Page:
Porcelain (US/UK), a play by Margaret Perry, weaves past and present, myth and fact to explore the parallel stories of two Irish women in the 19th and 21st century. We caught up with Margaret about her play and the inspiration behind it, how she approached creating a new narrative for contemporary audiences using a historical figure, and her thoughts on adapting the play for an audio drama for BBC Radio 4.
Describe Porcelain in a few sentences.
Two young Irish women are separated by a century and united by their shared experience of depression. It’s a play about the way depression makes us strangers to the people who know us, and to ourselves, explored through the myth of the changeling – a copy of you that looks just like you, and sounds just like you, but is hollow.
When did you first come across the story of Bridget Cleary? And how did you approach using historical fact when creating a new narrative for contemporary audiences?
I found Bridget when I was asked on a writing course to write a short monologue from the perspective of someone who had been historically overlooked. That was in 2016. I was struck that she was the same age when she died as I was then – 26. And I was obsessed with the fact that her husband thought she’d been spirited away by the fairies, when it sounded to me like she was experiencing depression. She sounded thoroughly modern, to me. I felt I knew her somehow and I wanted to try to write her.
I did a lot of reading and research in my approach to working with historical fact. It helped me get under Bridget’s and Michael’s skins, and a lot of the detail in that research found its way into the play. The gold earrings in her ears when her body was found, for example, and the way she laid with knees drawn up to her chest. However, I don’t think I needed to do much work to make it contemporary. I’m not sure I believe there is much difference between the inner lives of people in history and now. The external circumstances are different but the insides of our heads are the same, and this is very much a play about the insides of people’s heads.
The play moves between London and Tipperary, from the present day to 1895. How did you go about structuring the piece in this way? What were the challenges of working with simultaneous timelines?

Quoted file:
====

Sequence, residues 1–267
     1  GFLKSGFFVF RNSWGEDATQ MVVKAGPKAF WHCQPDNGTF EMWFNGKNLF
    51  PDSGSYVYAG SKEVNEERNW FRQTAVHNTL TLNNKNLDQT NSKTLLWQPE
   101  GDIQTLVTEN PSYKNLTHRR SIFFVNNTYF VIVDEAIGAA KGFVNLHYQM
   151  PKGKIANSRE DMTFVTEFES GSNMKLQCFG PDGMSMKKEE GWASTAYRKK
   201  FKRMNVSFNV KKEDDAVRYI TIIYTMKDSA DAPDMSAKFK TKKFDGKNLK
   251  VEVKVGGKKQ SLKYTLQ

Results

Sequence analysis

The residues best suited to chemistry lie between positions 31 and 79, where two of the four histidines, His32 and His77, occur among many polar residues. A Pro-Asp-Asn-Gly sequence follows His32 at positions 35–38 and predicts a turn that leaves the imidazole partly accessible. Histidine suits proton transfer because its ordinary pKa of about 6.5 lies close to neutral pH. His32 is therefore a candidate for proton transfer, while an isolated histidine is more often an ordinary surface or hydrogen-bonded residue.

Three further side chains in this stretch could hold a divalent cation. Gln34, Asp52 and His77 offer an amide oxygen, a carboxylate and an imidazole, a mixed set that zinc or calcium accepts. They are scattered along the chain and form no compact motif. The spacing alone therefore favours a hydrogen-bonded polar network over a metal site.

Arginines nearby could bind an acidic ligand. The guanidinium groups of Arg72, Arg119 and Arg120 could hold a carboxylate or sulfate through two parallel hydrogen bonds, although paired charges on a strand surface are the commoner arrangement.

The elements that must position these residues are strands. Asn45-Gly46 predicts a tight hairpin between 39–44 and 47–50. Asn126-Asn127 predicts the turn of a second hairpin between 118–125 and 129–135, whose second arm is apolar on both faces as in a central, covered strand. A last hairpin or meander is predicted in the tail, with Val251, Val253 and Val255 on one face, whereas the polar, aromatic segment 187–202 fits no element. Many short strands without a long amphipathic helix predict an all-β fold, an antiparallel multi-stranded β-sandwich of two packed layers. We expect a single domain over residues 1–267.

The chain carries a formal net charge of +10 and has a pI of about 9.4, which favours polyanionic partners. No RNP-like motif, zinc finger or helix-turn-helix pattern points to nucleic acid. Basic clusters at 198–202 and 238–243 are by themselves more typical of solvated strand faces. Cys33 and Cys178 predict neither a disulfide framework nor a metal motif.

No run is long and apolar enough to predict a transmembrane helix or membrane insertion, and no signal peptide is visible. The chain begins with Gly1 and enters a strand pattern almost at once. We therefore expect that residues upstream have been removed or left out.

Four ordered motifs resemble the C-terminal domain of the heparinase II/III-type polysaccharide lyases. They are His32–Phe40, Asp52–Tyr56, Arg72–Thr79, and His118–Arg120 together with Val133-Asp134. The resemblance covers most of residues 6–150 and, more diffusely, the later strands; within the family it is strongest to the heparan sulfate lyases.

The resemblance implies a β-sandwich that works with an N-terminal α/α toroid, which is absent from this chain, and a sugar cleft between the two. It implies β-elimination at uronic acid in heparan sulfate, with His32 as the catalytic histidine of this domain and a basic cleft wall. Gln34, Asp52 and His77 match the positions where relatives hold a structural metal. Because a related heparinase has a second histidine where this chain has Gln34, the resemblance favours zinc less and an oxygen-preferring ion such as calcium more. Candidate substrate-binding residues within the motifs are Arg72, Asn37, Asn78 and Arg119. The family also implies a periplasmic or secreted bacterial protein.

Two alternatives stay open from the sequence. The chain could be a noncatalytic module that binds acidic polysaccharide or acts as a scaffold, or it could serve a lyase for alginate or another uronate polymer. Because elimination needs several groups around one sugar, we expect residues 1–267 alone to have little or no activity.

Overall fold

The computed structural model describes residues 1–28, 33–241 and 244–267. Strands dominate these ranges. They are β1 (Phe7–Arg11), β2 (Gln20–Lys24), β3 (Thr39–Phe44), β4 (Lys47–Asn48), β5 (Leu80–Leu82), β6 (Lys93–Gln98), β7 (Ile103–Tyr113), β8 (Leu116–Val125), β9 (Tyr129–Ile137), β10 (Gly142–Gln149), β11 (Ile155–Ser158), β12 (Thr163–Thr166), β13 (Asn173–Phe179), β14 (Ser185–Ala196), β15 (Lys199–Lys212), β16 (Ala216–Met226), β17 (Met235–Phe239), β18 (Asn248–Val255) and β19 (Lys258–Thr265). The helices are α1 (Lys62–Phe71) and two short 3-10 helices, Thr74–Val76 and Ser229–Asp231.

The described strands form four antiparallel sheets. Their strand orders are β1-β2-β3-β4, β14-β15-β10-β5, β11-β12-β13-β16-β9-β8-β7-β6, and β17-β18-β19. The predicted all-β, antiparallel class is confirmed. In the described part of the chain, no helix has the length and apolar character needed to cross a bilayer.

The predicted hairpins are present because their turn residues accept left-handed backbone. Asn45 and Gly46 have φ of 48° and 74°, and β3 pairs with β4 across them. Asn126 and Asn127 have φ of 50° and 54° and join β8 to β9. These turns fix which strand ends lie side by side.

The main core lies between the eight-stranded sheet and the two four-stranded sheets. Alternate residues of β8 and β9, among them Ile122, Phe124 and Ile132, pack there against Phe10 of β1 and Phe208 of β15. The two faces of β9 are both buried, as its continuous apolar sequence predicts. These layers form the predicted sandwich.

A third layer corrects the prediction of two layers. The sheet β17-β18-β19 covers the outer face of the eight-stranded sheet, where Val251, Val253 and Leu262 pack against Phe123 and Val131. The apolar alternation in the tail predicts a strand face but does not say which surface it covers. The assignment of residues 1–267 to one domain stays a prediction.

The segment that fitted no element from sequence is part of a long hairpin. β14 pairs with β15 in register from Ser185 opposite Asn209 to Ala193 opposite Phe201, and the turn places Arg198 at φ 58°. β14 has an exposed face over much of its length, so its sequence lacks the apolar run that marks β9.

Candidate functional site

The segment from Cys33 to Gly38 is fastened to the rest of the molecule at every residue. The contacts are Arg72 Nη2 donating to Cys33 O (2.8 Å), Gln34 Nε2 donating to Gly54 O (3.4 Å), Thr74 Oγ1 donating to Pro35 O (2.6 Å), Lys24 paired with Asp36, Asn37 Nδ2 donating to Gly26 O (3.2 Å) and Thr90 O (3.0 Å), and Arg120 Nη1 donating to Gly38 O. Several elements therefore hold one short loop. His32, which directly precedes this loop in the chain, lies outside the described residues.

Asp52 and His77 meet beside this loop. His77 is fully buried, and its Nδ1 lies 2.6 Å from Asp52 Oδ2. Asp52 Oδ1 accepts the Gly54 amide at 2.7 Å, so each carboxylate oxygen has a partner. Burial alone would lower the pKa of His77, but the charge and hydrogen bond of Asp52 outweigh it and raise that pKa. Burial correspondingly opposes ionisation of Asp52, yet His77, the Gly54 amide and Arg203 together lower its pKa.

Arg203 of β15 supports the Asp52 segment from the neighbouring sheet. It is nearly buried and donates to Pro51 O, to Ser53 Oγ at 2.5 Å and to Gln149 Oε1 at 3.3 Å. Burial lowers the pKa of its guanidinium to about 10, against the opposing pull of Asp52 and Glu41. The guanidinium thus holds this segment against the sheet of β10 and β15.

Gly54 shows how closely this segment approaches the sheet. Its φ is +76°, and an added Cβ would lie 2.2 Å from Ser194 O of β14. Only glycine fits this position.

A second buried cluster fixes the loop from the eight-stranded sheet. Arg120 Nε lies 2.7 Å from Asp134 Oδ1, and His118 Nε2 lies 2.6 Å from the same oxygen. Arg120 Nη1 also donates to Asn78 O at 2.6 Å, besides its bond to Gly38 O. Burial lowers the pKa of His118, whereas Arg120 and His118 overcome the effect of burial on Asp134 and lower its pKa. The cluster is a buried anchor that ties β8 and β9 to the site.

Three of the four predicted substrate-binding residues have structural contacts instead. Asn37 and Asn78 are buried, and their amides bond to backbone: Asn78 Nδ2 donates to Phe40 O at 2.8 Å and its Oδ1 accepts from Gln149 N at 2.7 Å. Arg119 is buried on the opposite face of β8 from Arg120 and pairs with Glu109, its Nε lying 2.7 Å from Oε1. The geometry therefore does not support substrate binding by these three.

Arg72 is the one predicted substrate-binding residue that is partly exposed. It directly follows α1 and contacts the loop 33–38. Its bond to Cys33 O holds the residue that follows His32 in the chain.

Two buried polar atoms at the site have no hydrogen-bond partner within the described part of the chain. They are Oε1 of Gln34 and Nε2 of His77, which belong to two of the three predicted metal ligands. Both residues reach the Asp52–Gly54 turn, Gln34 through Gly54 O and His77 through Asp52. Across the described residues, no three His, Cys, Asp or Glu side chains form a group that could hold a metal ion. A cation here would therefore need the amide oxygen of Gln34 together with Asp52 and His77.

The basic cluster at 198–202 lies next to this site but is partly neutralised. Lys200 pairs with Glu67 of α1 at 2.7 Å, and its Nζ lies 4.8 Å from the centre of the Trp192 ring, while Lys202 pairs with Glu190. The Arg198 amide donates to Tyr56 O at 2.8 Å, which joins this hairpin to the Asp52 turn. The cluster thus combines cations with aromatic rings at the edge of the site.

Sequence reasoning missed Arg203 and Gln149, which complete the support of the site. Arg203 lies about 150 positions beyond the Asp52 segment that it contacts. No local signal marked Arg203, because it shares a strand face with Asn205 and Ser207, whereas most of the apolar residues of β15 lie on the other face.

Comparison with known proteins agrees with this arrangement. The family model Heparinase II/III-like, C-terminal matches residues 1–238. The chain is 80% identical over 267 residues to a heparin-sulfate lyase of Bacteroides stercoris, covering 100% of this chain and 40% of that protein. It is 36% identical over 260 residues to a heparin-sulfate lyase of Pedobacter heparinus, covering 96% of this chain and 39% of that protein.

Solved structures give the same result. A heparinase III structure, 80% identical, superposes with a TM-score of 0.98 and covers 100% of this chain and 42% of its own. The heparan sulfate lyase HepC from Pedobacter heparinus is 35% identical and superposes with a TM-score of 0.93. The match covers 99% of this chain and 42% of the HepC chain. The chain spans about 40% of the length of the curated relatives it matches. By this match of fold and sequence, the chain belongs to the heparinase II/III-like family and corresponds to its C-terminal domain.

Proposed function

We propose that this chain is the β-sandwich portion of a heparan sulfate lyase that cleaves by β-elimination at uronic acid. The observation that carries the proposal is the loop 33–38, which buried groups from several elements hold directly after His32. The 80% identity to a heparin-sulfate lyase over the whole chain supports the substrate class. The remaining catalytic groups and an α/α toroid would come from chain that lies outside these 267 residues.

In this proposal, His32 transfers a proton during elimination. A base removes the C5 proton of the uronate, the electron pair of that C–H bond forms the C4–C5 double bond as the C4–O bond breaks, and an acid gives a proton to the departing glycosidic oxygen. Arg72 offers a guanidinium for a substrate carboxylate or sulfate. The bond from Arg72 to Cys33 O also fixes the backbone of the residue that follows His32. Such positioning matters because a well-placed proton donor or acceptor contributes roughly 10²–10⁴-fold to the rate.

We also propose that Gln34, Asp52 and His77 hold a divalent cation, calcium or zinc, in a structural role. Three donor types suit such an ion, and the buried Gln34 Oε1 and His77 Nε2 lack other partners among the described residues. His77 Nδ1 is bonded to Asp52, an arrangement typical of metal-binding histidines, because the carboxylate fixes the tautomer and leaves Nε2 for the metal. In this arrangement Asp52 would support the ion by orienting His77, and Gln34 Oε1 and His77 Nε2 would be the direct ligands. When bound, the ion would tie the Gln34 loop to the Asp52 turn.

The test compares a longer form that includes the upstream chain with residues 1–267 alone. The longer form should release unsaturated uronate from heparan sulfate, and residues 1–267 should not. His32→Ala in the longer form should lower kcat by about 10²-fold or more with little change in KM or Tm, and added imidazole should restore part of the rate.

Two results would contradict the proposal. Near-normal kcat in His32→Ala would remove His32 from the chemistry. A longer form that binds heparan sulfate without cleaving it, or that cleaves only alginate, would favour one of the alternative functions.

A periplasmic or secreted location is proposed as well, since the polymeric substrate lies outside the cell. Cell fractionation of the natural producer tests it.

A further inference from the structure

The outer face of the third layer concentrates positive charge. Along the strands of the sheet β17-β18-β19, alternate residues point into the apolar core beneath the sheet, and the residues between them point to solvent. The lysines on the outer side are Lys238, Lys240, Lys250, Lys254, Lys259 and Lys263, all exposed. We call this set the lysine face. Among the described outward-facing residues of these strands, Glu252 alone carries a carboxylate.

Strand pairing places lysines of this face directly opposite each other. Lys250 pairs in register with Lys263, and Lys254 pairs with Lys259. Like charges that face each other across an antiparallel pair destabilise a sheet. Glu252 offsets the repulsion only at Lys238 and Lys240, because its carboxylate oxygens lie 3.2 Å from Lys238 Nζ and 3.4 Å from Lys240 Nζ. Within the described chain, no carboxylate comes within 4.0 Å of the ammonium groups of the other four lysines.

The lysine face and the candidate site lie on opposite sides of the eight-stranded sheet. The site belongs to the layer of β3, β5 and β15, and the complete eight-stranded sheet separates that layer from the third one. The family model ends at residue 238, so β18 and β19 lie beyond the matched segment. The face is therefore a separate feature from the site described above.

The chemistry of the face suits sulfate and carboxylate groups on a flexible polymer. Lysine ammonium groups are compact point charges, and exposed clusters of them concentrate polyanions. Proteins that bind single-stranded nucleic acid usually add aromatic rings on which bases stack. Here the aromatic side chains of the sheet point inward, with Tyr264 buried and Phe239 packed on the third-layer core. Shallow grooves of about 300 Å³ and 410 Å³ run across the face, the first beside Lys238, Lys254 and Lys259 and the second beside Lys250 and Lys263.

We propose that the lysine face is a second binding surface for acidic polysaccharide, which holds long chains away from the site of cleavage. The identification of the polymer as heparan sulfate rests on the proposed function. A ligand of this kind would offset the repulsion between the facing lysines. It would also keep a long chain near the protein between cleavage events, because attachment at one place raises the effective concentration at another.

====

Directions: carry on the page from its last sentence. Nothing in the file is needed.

This felt like quite a natural structure. I have always liked plays that layer time periods and locations on top of one another as it feels like something theatre can uniquely do – have multiple spaces exist simultaneously. Caryl Churchill’s Fen (US/UK) comes to mind as the first play I read that does this – the space is described as both a house, and a field. And it is both those spaces, porously. So I tried to do that in Porcelain too.
What advice would you have for companies looking to stage the show?
My main staging advice is the above answer really – resist the urge to rigidly switch between the contemporary and historical locations, and try to create a space that feels like both those places at once, all the time. And don’t go too heavy with the tone. The play’s about heavy stuff obviously, but I hope it feels light!
You also adapted Porcelain for BBC Radio 4. How did you transform a stage show into a piece of audio storytelling?
That was a lovely process, expertly guided by the play’s producer and director Jessica Dromgoole. To adapt it I thought about replacing the visual motifs in the play – the colour gold is one for example – into sonic ones. Water emerged as the biggest sonic motif, so I leaned into that in my rewrite. I wanted to make sure the play for radio retained its tone. That’s what you’re really doing in adaptation I think, whether it’s an adaptation of your own work or someone else’s – taking the tone of the original and shaping it anew in the new medium you’re working in.
Was the play always titled Porcelain and what significance does that have to you? How do you approach choosing titles for your creative work?
I love titles. I’m always going on about them. I never feel I know what a play is until I’ve found its title. Porcelain was always the title, because I got obsessed from quite early on at how translucent porcelain is as a material, and how brittle. It was this quality of brittleness that I felt was deep in the bones of the play. I don’t actually feel like I choose my titles. I’ve never sat down and made a list and done any kind of process of elimination. I just start to write and at some point in the process – often early, but sometimes later – the title announces itself in my head and I feel in my gut that it’s the right one. A good title should be like the hammer that rings the bell of the play. (I nicked that phrase from a teacher I had, brilliant poet Jacob Sam-La Rose.) It doesn’t label the play, but rather, makes it sing.
Are there particular playwrights who have influenced your work?
Lots. Caryl Churchill (US/UK), Sarah Kane and Samuel Beckett (US/UK) have been huge for me and gave me permission to write how I always wanted to, I think – to find the tone, the atmosphere and the metaphor first, before the story, the plot and the character. The precision, beauty and formal daring of Alice Birch’s work (US/UK) endlessly inspires me. And I love Annie Baker (US/UK) too. Her work gives me permission in the opposite direction – to be detailed and delve deep into the lives of the human beings I’m writing about, and not worry that people talking to each other on a stage is somehow trivial. It’s the very opposite. It’s the entire heart of the thing.